Hanif Abdurraqib is a poet, essayist, and cultural critic from Columbus, Ohio. His first collection of long-lasting poetry, The crown is not worth much (2016), was a finalist for the Eric Hoffer Book Award and was nominated for a Hurston-Wright Legacy Award. His first collection of essays, They can’t kill us until they kill us (2017), was named book of the year by Or, Oprah magazine, Los Angeles review, Pitchfork and the Chicago Tribune among others. Your 2019 follow-up, Forward in the Rain: Notes for a Tribe Called Mission, debuted in the New York Times list of bestsellers. His new book, A Little Devil in America: In Praise of Black Performance, intertwines moments of personal memory with deep meditation on the performances of black American artists from Josephine Baker to Beyoncé.
So what inspired you to write a book on black acting?
I started reading about minstrels and minstrel shows, diaries of former minstrel show performers, some of whom talked about how they didn’t just feel shame when they performed. That interested me. Of course, I was raised to imagine the minstrel show as embarrassing. But somehow, for these artists who were recently enslaved or who came from a town that was enslaved, the setting was where they had a bit of power, even if they had to dehumanize in the process. I was fascinated by that and who came to define what was and what was not embarrassing, and I got to thinking about how often acting and black artists are now considered embarrassing only when pushed through the lens of what whiteness deems appropriate. , as honored.
The first section of his book is titled Performing Miracles. What is a miracle?
I am someone who fought a lot. I grew up in a family that didn’t have a lot of money, but a good family, a family that cared deeply for me. In my late teens and early 20s, I was in a lot of trouble. I was incarcerated from time to time. I was homeless for a while. People have an idea of what a writer is and how someone becomes a writer, but you know, I was someone who struggled not only to understand the world, but also struggled to fit into the world, and through those struggles I often felt very outside. . I used writing to get to the heart of why I felt this way. I think it’s a miracle that I’m here talking about something I wrote because for so long writing was a way to survive, not in a financial sense, but to survive in a world that I felt I wasn’t made for.
How does that sense of miracle influence your book?
I speak in the book about Ellen Armstrong, the magician, operating in the early 20th century, pulling coins from behind the ears of her audience members – poor black people, world-exhausted, who needed to see a miracle performed by someone. that looked like them. That particular trick said you had nothing and now you have something. That resonates throughout much of the black life I’ve known, whether it’s from having parents who when the refrigerator seemed empty could still put a meal on the table, or times when I had no rent but could rush to it. in a moment. day or two. Much of what I understand to be a miracle, in terms of black existence, is the opening of a closed palm and something that exists there that did not exist before.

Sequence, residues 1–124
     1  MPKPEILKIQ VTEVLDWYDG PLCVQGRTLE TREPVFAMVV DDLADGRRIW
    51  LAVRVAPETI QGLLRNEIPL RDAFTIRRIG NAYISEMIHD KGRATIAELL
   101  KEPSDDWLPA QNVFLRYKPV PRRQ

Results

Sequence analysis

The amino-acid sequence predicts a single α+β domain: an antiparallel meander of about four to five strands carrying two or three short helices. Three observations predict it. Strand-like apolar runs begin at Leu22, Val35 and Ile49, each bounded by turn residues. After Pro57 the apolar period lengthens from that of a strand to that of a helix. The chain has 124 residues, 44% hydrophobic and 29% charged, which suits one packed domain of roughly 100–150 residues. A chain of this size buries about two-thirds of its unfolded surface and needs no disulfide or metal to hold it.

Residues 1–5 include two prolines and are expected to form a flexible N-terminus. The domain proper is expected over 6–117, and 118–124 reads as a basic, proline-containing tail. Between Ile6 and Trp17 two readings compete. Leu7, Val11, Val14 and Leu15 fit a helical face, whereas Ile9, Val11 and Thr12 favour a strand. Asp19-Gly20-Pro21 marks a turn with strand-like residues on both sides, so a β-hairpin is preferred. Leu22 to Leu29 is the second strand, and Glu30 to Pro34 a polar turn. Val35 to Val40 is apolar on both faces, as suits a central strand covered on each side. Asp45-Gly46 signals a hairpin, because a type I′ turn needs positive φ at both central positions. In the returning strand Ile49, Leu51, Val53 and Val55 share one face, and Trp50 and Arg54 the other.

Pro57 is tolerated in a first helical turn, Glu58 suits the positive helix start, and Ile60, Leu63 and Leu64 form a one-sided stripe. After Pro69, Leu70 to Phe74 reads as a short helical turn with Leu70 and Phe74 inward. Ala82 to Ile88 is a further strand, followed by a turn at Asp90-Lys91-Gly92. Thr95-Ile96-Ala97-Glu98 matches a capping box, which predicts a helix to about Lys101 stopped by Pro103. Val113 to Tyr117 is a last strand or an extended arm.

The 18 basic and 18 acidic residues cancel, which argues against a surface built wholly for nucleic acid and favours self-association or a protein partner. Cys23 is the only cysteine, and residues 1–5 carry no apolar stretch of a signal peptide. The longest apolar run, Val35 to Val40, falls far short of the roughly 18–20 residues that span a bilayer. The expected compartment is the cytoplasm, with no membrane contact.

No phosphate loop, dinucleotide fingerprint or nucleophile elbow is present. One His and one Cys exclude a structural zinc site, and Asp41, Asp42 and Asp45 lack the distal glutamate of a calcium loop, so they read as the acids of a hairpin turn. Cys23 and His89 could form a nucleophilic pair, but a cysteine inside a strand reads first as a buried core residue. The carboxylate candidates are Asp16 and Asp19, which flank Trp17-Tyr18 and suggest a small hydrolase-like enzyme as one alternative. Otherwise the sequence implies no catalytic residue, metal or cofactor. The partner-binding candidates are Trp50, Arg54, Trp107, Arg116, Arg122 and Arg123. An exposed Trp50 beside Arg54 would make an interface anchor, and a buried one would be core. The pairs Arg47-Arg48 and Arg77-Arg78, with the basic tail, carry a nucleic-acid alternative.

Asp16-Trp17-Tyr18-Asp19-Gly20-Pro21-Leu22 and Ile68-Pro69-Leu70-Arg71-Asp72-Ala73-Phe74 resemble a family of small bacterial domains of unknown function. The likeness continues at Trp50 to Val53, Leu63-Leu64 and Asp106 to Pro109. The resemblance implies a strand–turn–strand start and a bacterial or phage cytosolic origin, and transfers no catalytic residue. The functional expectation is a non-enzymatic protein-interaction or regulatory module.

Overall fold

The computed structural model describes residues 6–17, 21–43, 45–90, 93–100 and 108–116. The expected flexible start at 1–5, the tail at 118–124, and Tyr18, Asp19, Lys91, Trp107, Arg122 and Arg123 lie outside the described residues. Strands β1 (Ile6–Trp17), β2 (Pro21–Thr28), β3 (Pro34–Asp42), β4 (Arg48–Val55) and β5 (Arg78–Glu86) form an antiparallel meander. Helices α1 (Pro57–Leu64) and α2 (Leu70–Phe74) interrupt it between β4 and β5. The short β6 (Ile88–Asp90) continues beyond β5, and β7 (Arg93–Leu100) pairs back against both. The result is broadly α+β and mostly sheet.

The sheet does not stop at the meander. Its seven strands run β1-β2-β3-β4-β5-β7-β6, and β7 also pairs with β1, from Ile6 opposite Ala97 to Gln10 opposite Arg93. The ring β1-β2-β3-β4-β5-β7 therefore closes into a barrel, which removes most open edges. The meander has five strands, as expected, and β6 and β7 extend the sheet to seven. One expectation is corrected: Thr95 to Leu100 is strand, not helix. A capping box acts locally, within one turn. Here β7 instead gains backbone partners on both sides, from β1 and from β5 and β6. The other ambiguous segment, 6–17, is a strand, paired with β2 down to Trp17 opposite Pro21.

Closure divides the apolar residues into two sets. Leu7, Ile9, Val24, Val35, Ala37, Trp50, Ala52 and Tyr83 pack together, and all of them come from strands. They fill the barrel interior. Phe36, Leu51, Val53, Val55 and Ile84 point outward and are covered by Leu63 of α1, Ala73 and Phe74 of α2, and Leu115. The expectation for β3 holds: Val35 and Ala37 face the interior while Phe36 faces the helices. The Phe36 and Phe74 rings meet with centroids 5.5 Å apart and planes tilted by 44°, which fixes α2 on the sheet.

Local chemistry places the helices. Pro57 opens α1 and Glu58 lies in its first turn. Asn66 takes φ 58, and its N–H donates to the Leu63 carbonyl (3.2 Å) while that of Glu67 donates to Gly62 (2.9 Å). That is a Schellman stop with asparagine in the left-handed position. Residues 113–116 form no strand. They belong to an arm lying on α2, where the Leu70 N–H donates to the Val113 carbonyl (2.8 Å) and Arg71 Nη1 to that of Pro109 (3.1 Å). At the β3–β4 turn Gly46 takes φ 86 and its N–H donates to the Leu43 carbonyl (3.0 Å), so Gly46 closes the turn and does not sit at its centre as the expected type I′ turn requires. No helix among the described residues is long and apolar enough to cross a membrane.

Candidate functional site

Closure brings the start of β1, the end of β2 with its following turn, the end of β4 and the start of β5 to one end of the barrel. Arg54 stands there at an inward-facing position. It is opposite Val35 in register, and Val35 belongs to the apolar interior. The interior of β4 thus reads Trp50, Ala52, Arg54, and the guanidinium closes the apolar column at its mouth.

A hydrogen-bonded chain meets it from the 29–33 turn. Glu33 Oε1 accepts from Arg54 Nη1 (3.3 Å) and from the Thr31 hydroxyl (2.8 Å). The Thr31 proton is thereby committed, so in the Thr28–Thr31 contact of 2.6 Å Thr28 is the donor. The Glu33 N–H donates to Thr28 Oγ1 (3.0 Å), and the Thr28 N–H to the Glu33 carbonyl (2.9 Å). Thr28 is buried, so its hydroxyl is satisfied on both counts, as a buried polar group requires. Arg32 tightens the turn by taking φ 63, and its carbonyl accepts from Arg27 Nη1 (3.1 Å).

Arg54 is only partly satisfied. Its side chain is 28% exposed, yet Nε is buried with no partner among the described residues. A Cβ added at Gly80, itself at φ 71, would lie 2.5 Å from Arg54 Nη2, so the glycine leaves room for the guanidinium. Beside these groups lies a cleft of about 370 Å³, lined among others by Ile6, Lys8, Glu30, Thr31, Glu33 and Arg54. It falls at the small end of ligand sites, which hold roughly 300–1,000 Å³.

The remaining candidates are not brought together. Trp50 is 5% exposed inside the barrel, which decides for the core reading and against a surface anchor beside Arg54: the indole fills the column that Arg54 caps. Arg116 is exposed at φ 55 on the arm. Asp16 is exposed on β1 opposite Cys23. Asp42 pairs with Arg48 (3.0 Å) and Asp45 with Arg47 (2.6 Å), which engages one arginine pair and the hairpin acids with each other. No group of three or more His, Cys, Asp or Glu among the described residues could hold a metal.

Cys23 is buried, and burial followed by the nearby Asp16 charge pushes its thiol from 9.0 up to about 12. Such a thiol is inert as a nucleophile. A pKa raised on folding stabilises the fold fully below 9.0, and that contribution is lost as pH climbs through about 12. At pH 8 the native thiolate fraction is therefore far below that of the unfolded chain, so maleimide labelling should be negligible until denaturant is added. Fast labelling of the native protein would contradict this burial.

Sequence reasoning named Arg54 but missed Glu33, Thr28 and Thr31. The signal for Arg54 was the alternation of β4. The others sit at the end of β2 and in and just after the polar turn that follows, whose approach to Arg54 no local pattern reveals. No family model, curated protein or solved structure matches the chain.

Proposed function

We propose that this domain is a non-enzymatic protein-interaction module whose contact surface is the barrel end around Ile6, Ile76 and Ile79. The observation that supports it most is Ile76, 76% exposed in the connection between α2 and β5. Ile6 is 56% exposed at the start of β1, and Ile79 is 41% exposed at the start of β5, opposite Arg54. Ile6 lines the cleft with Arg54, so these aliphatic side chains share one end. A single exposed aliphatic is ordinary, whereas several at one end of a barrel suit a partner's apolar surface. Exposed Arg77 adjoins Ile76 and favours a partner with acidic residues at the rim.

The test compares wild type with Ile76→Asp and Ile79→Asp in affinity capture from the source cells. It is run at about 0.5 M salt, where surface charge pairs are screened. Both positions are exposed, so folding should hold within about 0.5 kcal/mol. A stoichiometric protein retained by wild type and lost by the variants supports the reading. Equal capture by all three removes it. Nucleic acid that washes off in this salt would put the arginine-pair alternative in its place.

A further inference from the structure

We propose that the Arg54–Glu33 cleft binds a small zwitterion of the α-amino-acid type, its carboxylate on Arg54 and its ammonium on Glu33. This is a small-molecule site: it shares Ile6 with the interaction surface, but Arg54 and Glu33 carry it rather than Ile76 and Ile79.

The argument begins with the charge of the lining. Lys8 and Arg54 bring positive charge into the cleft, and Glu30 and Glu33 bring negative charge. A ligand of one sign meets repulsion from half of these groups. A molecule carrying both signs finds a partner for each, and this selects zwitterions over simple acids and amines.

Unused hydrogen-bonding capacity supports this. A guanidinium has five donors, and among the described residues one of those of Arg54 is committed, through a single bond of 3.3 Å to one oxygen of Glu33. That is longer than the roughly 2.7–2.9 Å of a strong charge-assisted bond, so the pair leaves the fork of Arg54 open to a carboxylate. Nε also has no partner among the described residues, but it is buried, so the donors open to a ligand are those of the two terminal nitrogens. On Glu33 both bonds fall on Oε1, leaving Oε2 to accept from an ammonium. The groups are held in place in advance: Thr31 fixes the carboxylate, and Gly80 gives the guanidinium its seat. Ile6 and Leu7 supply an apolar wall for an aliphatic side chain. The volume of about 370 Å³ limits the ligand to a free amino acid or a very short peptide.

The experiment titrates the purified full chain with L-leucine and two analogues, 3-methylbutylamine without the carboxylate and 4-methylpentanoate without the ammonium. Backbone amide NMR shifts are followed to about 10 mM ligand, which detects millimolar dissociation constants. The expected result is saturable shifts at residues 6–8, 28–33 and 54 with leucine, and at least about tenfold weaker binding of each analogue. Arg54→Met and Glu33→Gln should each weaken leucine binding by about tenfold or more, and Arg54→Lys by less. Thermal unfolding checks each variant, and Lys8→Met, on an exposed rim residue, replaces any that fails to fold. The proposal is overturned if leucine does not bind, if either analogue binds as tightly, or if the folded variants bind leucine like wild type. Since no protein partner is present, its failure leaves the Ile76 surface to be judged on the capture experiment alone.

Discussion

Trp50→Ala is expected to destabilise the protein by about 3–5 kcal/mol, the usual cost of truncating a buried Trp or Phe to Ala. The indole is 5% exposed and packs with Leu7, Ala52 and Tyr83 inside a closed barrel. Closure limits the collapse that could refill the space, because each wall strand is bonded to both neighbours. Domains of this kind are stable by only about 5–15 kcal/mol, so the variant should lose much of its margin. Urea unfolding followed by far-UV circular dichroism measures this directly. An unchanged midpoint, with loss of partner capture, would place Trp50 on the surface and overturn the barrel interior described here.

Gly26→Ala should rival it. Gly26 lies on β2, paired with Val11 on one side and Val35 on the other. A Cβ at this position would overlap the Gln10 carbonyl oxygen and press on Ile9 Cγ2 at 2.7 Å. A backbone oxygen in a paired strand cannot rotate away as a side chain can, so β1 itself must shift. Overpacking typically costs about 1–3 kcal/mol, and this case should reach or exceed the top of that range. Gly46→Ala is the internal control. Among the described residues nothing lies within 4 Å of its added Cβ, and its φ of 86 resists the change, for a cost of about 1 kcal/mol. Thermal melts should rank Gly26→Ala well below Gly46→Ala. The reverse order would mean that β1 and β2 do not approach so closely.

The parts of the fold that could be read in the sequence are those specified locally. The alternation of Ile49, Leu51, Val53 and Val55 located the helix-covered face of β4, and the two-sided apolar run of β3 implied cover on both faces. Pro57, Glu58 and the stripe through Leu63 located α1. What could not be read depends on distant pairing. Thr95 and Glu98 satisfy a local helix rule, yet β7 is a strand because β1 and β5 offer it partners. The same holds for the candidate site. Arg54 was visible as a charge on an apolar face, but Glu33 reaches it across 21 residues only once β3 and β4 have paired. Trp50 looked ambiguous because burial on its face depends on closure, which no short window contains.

The way you write about Whitney Houston really jumps off the page. When did it first come to life for that particular miracle?
I love Whitney Houston. She is one of my favorite pop stars. When I was young I remember my mother singing to him and that’s how I knew he was a pop star, because someone he loved was singing his songs. As I got older, I felt so connected to her, not just musically, but as someone who really had different versions of herself. I have written a lot about Whitney Houston and each time I return to her I come to a different conclusion, not only about her work, but also about myself and about the multiplicity and the multitudinous nature of blacks and black women.
Are you a guy who writes every day or is it more when the muse calls?
I don’t write every day! I wish I had it in me. It’s kind of weird for me to sit down and write one thing from start to finish. I write in bullets. In part, it’s because I always try to be present and keep everything I do fluent and fluid. I also like to break down my writing in terms of word count and homework. So if I tell myself that my goal for this essay is 6,000 words, I never think, I have to write 6,000 words. I like to say that I have to write 600 words 10 times.
That comes from athletics, right?
It’s funny that you saw that!
What is your sport
Football. I played in high school. A little bit in college. I played as a defensive midfielder, which is a lot of running but also makes a lot of decisions very quickly. It’s also a position where, if you have a big shit, that’s all people will remember.
So how did you start writing?
There was a big community of slam poetry here in Columbus and this thing where if you wanted to compete in slam poetry you had to bring a new poem a week. I just got into it.
Who were the writers that most influenced you in your childhood?
Zora Neale Hurston was huge for me. Drink Moore Campbell. Virginia Hamilton. Toni Morrison.
And what are the books that you have closest to your pillow right now?
Profit – Prophet by Patrick Blagrave. All heathen by Marianne Chan, who has a poem called In Defense of Karaoke, which is one of my favorite poems. Inheritance by poet Taylor Johnson. I’ve read that book a lot, but I read a couple of poems every night before bed.
A Little Devil in America: Notes in Praise of Black Performance It is published by Allen Lane (£ 18.99). To order a copy, go to guardianbookshop.com. Shipping charges may apply
Hanif Abdurraqib will speak about his book at an online event with the Southbank Center on March 25 at 7:30 pm; book tickets here
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